Article at a Glance
- May 6-12th is Root Canal Awareness Week.
- A root canal treats a severe infection that has reached the pulp of the tooth in order to save it.
- Root canals are less painful and less expensive than tooth extractions.
- If you have pain or sensitivity in a tooth, call your dentist to be evaluated as soon as possible because a root canal could save your tooth.
This week is Root Canal Awareness Week. For the 12th year, this week is set aside to highlight endodontists and the work they do to save teeth. It’s the perfect time to explore how root canals can help relieve tooth pain and save teeth.
What is a Root Canal?
When an infection reaches the innermost tissue of the tooth, the pulp, it can cause significant problems if it’s not treated. Also known as endodontic therapy, a root canal is the way to repair an infected, damaged, or severely decayed tooth. A root canal eliminates infection or decay, prevents future infections, and ultimately saves your tooth.
What are the Benefits of a Root Canal?
You may have heard jokes about root canals being extremely painful and miserable experiences. The truth is, root canals are less painful than having the tooth extracted and many people describe the process as painless. There are real benefits to saving your tooth with a root canal instead of extracting it.
- Modern medicine has provided anesthesia, techniques, and equipment that make root canals a less painful option than extraction.
- Root canals are cheaper and less time-consuming than extractions. Tooth extractions require multiple follow-ups and expensive dentures, bridges, or implants.
- Crowns look and function like natural teeth, so you keep your smile intact with a root canal.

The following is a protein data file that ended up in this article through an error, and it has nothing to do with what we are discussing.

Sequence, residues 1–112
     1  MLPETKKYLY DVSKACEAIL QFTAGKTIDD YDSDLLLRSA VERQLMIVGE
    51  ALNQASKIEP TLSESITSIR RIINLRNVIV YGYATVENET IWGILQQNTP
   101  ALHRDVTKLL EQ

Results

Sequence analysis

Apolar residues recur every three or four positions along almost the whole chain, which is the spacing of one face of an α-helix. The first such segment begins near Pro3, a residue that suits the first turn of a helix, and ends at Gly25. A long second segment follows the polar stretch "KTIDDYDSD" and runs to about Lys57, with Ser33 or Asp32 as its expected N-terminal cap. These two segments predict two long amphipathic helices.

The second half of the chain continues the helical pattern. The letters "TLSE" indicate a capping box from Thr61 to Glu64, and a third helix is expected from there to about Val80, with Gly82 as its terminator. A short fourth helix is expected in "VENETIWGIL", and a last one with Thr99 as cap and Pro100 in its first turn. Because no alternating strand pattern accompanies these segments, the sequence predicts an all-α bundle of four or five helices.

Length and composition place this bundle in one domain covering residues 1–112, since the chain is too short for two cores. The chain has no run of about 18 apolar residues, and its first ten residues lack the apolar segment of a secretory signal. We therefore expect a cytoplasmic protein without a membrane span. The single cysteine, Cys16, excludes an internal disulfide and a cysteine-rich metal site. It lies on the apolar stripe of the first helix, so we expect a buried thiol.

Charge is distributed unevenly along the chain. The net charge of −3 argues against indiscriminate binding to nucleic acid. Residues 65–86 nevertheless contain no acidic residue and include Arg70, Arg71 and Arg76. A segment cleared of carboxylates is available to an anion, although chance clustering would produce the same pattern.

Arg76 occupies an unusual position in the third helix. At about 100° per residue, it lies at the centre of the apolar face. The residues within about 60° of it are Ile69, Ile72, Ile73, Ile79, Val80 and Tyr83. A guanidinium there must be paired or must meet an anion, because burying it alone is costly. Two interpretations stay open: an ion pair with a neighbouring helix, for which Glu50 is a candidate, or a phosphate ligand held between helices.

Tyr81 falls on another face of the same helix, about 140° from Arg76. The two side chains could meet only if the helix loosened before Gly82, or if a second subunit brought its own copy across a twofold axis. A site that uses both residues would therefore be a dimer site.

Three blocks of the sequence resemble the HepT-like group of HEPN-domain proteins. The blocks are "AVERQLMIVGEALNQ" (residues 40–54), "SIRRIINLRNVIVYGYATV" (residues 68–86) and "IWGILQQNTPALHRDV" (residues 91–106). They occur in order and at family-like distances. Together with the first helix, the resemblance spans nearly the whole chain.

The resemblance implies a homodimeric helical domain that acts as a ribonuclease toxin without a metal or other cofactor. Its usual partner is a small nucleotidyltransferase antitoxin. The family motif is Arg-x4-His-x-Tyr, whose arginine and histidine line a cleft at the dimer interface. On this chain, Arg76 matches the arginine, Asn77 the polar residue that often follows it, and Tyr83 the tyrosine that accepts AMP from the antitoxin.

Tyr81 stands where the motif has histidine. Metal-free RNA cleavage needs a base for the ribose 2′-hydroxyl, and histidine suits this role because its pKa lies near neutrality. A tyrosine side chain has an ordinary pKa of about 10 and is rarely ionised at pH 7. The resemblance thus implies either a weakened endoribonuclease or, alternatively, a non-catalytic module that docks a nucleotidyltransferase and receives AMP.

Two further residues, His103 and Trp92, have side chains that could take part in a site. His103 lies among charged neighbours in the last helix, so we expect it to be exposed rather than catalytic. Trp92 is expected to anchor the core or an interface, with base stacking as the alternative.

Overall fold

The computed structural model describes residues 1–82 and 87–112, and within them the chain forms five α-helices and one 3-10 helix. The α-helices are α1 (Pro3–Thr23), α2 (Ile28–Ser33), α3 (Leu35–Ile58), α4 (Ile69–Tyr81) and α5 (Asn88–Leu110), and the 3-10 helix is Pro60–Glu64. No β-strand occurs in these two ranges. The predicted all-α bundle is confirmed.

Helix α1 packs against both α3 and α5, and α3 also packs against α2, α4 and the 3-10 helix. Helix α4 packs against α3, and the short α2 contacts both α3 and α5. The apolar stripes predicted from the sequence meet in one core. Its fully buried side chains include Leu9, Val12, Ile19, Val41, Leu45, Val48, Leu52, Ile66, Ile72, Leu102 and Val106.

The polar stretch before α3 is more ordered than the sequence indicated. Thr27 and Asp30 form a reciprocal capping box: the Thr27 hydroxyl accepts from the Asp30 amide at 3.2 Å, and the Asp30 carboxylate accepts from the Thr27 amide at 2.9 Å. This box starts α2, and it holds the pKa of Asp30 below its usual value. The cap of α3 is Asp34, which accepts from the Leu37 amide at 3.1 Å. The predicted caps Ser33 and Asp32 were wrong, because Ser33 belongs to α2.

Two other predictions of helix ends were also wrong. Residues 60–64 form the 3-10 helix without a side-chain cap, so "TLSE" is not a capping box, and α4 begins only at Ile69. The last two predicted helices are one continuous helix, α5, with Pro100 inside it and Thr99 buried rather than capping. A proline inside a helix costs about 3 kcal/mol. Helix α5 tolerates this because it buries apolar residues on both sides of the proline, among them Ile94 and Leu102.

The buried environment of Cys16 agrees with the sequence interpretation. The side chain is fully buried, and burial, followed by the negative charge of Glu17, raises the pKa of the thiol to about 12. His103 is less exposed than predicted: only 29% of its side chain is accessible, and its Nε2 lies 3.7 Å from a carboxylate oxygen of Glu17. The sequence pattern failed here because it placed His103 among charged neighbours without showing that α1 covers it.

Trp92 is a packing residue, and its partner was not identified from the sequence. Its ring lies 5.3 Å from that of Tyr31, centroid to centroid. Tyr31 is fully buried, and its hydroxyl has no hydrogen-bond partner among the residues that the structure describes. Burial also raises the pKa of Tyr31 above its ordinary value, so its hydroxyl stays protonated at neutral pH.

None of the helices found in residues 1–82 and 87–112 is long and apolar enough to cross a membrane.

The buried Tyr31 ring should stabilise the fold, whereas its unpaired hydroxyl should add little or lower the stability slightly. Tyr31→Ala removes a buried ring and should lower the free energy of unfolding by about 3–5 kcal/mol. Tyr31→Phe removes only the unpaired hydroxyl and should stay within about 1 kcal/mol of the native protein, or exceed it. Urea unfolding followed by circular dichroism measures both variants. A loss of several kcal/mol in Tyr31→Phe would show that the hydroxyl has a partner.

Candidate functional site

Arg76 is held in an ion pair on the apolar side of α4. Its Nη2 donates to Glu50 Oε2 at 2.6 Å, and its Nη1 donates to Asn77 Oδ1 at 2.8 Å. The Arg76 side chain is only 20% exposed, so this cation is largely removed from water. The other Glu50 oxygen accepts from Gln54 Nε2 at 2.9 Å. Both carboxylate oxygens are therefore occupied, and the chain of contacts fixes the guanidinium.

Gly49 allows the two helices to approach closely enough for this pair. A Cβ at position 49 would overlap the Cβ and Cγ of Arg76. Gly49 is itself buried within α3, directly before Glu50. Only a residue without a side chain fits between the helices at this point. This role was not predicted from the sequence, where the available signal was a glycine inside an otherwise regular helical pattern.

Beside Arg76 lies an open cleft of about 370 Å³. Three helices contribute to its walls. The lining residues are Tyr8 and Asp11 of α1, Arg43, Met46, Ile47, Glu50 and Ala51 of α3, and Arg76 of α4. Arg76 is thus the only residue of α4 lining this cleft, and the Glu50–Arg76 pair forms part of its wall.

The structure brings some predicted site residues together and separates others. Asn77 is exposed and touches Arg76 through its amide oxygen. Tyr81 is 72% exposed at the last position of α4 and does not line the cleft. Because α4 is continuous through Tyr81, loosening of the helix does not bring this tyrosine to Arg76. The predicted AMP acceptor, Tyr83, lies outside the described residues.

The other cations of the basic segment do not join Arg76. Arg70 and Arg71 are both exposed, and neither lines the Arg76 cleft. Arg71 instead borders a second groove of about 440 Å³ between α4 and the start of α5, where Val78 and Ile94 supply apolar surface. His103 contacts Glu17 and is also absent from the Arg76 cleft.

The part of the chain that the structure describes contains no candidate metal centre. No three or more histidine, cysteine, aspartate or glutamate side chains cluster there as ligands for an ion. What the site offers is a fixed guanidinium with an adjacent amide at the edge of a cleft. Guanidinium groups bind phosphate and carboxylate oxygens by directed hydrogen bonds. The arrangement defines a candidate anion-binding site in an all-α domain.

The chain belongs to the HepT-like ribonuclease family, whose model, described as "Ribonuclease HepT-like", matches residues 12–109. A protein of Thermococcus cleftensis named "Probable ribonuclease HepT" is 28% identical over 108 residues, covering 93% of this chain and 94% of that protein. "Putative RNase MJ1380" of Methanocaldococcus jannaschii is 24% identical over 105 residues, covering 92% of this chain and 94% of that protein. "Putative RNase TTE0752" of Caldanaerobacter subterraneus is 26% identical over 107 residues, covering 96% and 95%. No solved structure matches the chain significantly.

The Root Canal Procedure
Only your dentist can determine if you need a root canal. They will evaluate the tooth and use x-rays to determine the need for a root canal.
- The area around the tooth would be numbed with local anesthetic.
- A small opening is made in the crown of the affected tooth.
- Root canal files are used to clean out the canals and remove infected pulp to prevent the spread of infection and shape the space for filling.
- The canals will be flushed to remove any debris.
- A permanent material, called gutta-percha, will be used to fill the canals.
- A post may be placed for additional support if the remaining tooth is too weak.
- The opening is sealed with a filling and then capped with a new crown.
After a root canal, you should be able to eat, speak, and otherwise use the tooth normally. There may be some sensitivity for a few days after the root canal, especially if you had pain prior to the procedure. Call your dentist for a follow-up if your pain lasts more than two days.
When Should I Call My Dentist?
Putting off treatment can lead to more pain and bigger problems, especially in the case of a severe infection or abscess. If you are having pain or sensitivity in a tooth, call your dentist as soon as possible to be examined. There are usually noticeable symptoms of infection or the damage:
- Prolonged or increased sensitivity to heat, cold, or pressure.
- Discoloration of the tooth or a visible cavity.
- A foul taste in your mouth, even after brushing your teeth.
- Swollen or tender lymph nodes can indicate an infection in your mouth.
- Pus draining into your mouth from your teeth or around your gums.
- Injuries to your mouth and jaw could result in a cracked tooth.
Keep in mind that sometimes there are no symptoms to indicate an infection. However, keeping up with regular appointments will allow your dentist to catch signs of infection on examination. You should see a dentist every six months for an exam and professional teeth cleaning.
If you are having pain or sensitivity in a tooth or you’re due for a check-up, contact the Jefferson Dental Care clinic nearest you to make an appointment. Our professional, friendly team is happy to help.